Here is some background about the closing of the Rose Reading Room and the elimination of its books: In a startling development in the saga of the NYPL's plans for its libraries, the Rose Reading Room was closed last May when a chunk of its ceiling (previously restored as part of a 1998 renovation) reportedly fell down in the middle of the night. Coincidentally, this happened in the window of time between when the NYPL was forced to abandon its plans for the consolidating shrinkage of the Central Library Plan (two weeks after) and its announcement (just four days later) that the Central Library plan would cost hundreds of millions of dollars more than the NYPL had previously publicized.
Prior to this incident three million research books had been removed from the stacks beneath the Rose Reading Room. Upon closure even more books, all the books lining the walls of the Rose Reading Room, were removed as well. The NYPL has said that it likes and will keep permanently in place the new more tortuous arrangements by which readers and researchers visiting the library must now obtain books, often with substantial delays as they are brought in from remote storage in New Jersey, if those books are successfully furnished at all.
What's worse: The NYPL has said that it eventually plans to return to the library only a fraction of the books it has removed!
Heavens to Murgatroyd!: Just consider that it took the NYPL over eight months to erect scaffolding to start the inspection of the Rose Reading Room ceiling. In the meantime, readers are crowded into small, poorly lit and ill ventilated rooms with ad hoc provision for computers. Last month a piece of the Gottesman Exhibition Hall's intricately carved Maurice Grieve ceiling collapsed, and it was then closed too.- We cannot help but worry: What do our library officials really care about? Think of all the books that might be lost or damaged in the shuffle, making them forever unavailable to readers who rely on the library?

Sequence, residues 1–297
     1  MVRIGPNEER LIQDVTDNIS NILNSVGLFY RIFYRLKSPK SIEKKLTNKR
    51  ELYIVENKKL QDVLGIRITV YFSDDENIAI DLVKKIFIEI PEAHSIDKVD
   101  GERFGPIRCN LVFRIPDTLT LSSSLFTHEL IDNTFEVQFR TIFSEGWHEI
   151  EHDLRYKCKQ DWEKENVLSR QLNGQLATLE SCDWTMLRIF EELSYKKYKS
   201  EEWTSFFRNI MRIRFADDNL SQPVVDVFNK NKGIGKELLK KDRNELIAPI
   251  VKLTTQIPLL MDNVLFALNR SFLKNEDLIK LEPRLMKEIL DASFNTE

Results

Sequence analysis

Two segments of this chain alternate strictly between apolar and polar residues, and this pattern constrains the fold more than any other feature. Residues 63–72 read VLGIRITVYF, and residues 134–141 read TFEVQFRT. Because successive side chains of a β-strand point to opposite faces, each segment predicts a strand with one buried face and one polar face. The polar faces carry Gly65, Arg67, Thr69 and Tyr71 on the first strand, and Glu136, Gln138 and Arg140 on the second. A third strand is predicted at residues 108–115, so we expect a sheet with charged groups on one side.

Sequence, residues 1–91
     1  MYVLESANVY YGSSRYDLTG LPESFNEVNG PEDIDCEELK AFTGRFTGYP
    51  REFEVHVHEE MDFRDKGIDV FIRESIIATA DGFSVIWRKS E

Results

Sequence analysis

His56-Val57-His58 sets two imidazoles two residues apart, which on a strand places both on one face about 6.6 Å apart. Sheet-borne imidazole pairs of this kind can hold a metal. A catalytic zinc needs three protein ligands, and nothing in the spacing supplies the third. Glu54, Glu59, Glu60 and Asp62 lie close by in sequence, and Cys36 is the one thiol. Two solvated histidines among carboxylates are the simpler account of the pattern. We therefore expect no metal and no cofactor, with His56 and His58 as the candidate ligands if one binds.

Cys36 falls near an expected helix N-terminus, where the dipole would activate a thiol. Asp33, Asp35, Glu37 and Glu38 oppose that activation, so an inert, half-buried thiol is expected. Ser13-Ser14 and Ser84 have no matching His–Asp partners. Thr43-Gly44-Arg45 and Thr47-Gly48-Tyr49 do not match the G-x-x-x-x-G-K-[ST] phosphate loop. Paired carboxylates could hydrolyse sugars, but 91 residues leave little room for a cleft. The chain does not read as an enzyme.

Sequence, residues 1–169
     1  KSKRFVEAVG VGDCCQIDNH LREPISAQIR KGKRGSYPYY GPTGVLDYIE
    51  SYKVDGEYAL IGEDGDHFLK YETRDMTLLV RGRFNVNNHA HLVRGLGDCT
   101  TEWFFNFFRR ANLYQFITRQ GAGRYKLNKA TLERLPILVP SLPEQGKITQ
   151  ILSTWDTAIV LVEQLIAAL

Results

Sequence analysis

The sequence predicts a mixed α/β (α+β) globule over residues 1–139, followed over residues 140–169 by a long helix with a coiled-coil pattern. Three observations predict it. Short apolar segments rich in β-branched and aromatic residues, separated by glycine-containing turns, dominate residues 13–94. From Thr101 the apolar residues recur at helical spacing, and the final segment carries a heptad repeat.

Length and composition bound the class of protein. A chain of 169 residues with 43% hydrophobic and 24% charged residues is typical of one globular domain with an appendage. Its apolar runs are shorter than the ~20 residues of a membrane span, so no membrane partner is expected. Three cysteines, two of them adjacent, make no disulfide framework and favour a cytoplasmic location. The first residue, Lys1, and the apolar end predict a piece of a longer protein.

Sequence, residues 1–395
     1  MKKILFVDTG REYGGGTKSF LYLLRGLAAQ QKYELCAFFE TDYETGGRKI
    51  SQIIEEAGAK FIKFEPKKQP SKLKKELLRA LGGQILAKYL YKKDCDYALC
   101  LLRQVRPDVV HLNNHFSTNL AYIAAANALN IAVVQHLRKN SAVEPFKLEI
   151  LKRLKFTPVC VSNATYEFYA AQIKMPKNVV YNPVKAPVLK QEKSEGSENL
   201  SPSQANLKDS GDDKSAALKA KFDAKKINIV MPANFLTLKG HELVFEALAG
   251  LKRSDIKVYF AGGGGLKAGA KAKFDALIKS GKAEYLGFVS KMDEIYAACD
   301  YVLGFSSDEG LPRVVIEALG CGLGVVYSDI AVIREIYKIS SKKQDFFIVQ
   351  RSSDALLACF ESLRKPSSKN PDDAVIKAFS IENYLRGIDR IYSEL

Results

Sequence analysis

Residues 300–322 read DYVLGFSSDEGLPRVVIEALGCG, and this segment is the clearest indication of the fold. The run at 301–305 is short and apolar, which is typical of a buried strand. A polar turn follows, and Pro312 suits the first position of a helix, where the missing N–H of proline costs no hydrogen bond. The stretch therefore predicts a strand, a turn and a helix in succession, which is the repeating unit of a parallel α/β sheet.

So we invite all library lovers and defenders to join us, Citizens Defending Libraries and the Committee to Save the New York Public Library, as we gather with Reverend Billy and his choir to raise our voices in protest and song that declare our love for libraries and books. . .
Bring a rose to the event and we will leave a spray of roses of the steps of the 42nd Street Library signifying the hole on our hearts for the Rose Reading Room, the libraries and the books that we miss and want back now!!!
Facebook event: Our Hearts Aching On Valentine's Day, We Want Our Books & Rose Reading Room Back
Carolyn E. McIntyre, Michael D. D. White
Michael White, 718-(area code) 834-6184, mddwhite [at] aol.com
Carolyn McIntyre, 917-(area code) 757-6542 cemac62 [at] aol.com
Follow us on Twitter: @defendinglibraries
For photos and videos of prior Citizens Defending Libraries rallies opposing the sale, shrinkage, underfunding of New York City libraries, and elimination of books since its founding two years ago, see:
PHOTO GALLERIES- PAST EVENTS
For a description of Citizens Defending Libraries successes see: Partial List of Successes of Citizens Defending Libraries (founded early 2013)